The main story in today's South African financial paper, BusinessDay, is headlined "Democratic Alliance calls for Parliament to halt Central African Republic deployment".
The small print explains that the row over the presence of South African soldiers in the Central African Republic has intensified, with the Democratic Alliance calling for Parliament to terminate what the opposition calls the South African defence forces "presidential employment". The ruling African National Congress has strenuously denied that South Africa’s soldiers were protecting its business interests.
Two weeks ago, 13 South African National Defence Force members were killed in combat with Seleka coalition rebels advancing on the CAR capital of Bangui. A memorial service for the soldiers is to be held in Pretoria later today.
Since the fighting, questions have been asked about the deployment and why South Africa’s soldiers were in combat to support dictatorial president François Bozizé, who has since been deposed.
Weekend media reports suggested the soldiers were defending mining interests in a country rich in diamonds, uranium and oil, but the government said 400 troops were present due to a bilateral defence accord with Bozizé. Some reports have alleged that the ANC’s investment arm, Chancellor House, has business interests in the Central African Republic.
South African president Jacob Zuma is set to attend an emergency summit of central African states in Chad on Wednesday to discuss the CAR crisis.
The BusinessDay story I really like is headlined "Namib’s fairies get a little help from ants".
It turns out that the mysterious "fairy circles" that pockmark the Namib desert may be the work of termites, according to research from a German scientist.
Fairy circles are barren patches of sand surrounded by a ring of grass, and are found in a narrow belt on the eastern edge of the Namib desert that stretches for 2,000 kilometers from northern South Africa to Angola. They have baffled scientists for decades and several theories for their origin have been suggested - ranging from plant toxins to insect activity.
Last year University of Pretoria scientists suggested that the circles might be due to natural gas bubbling to the surface.
Now Professor Norbert Juergens of Hamburg University has put forward a new hypothesis. He says the circles are caused by lowly sand termites.
BusinessDay also looks at yesterday's decision by India’s top court to dismiss Swiss drugmaker Novartis’s attempt to win patent protection for its cancer drug Glivec. The Johannesburg based paper says this is a serious blow to Western pharmaceutical companies, which have been increasingly focusing on India to drive sales.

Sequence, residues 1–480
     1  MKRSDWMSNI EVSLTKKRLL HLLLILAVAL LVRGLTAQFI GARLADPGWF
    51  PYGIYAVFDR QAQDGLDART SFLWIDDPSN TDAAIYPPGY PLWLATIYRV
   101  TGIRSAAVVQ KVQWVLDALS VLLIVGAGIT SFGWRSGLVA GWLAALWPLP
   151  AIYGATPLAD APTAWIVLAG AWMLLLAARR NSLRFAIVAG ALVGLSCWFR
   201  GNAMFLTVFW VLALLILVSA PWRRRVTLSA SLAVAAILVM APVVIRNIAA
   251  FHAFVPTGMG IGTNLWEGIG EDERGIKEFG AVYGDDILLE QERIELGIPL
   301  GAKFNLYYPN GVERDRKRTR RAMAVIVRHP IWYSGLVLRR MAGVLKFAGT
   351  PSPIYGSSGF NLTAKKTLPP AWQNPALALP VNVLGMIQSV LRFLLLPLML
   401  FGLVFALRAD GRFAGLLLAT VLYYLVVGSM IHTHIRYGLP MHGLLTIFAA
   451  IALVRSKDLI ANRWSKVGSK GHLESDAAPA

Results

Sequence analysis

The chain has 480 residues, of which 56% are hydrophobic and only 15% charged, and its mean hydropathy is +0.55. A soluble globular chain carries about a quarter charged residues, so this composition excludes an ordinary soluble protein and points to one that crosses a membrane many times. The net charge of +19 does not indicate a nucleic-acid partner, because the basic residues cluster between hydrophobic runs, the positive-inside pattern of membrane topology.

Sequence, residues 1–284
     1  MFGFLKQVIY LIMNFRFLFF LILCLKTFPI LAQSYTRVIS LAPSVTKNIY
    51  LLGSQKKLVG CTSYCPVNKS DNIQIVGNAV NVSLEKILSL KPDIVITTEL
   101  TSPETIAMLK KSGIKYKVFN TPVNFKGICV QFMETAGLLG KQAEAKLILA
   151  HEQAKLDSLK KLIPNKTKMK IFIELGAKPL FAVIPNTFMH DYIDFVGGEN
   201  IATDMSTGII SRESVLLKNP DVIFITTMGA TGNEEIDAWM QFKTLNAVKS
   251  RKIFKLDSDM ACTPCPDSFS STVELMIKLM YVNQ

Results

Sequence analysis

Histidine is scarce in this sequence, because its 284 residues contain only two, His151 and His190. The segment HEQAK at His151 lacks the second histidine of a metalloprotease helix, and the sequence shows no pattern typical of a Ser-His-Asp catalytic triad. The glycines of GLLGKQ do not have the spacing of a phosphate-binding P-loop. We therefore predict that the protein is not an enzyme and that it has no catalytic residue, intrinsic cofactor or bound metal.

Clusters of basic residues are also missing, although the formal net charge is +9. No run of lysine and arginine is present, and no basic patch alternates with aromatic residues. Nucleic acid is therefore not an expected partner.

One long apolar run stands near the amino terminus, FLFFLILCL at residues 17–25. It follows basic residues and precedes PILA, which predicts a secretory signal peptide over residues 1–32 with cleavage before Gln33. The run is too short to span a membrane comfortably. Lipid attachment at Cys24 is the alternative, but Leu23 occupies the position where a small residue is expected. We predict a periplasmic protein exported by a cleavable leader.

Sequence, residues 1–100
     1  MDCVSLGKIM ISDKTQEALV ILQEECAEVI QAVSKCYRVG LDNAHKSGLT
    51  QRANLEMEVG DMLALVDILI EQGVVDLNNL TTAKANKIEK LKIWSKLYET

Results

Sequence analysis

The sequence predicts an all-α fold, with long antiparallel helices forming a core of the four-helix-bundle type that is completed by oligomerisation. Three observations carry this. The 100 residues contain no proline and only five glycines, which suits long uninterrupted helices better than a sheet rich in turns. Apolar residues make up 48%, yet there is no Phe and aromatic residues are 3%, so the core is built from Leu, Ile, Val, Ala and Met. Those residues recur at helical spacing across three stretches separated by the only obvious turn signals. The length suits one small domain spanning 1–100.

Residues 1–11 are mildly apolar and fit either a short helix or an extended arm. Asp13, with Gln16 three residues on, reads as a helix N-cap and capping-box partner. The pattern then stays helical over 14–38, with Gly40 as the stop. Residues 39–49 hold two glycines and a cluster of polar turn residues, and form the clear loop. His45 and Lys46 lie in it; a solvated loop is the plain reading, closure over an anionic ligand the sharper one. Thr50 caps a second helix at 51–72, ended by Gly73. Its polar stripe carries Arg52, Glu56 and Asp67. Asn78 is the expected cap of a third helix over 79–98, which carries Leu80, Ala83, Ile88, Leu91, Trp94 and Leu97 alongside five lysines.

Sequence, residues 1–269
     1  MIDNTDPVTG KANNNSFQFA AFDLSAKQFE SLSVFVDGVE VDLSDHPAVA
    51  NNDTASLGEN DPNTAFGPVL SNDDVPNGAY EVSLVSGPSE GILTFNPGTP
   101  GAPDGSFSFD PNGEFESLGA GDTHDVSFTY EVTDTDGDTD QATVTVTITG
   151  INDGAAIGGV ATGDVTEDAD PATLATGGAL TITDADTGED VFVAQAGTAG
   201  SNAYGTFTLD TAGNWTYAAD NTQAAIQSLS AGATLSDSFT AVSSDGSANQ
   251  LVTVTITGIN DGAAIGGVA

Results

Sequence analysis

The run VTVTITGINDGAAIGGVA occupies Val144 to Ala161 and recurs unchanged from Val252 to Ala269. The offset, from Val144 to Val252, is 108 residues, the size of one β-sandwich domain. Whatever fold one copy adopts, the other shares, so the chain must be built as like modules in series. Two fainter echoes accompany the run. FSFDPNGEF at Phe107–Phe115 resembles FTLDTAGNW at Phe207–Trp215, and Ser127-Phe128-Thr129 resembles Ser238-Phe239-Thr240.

The decision also sets a benchmark for several intellectual property disputes in India, where many patented drugs are beyond the means of most of its 1.2-billion people, 40 percent of whom earn less than one euro per day.
India’s domestic drugs market is the 14th largest globally, and has recently grown nearly14 percent every year.
The value of shares in Novartis India lost more than five percent in the wake of the verdict.
A front page story in the Kenyan Standard says the 'Green Card' which gives foreigners the right to live and work in the United States, could soon be abolished.
According to the Nairobi based daily, the annual diversity visa lottery (which is the official name for the Green Card scheme) will cease to exist if Congress endorses a measure passed late last week by lawmakers in the lower house.
The House of Representatives on Friday voted to cancel the annual diversity visa lottery and instead give available immigration visas to foreigners who earn advanced degrees from American universities.
Says The Standard, if Congress passes the law, it would be a big blow to thousands of Kenyans who dream of migrating to the United States to start a new life.
Africa has been a major beneficiary since the program started. Thousands of Kenyans enter the lottery every year with an estimated five thousands qualifying and migrating to the US annually.
A State Department official said on Monday in Washington that the United States "will look carefully at the actions of Kenya's leaders and government" in the coming months.
"We cannot ignore the serious charges that have been set out in the ICC indictment, and will calibrate our engagement accordingly," added Hilary Renner, the department's spokeswoman for African affairs.
Renner's comments in an e-mail message to the Nation suggest that the Obama administration intends to make good on earlier warnings of "consequences" that would ensue for US relations with Kenya if certain candidates - understood to be Uhuru Kenyatta and William Ruto - were elected.
The State Department did not specify how it will adjust US engagement with a Kenya led by a president and vice-president both facing trial in The Hague on charges of crimes against humanity.